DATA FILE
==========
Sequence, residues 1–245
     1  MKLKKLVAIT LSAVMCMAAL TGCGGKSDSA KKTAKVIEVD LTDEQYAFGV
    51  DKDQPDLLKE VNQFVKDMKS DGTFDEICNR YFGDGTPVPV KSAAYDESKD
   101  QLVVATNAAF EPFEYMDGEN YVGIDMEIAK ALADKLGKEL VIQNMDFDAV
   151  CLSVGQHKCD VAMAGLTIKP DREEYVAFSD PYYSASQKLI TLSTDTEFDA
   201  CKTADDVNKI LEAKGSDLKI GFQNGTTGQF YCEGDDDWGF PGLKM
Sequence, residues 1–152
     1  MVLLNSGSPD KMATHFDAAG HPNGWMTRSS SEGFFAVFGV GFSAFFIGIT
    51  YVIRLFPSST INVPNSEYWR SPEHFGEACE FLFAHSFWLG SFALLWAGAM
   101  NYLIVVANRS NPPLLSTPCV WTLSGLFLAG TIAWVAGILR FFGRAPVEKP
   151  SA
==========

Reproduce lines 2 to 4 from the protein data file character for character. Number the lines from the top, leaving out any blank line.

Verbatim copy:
     1  MKLKKLVAIT LSAVMCMAAL TGCGGKSDSA KKTAKVIEVD LTDEQYAFGV
    51  DKDQPDLLKE VNQFVKDMKS DGTFDEICNR YFGDGTPVPV KSAAYDESKD
   101  QLVVATNAAF EPFEYMDGEN YVGIDMEIAK ALADKLGKEL VIQNMDFDAV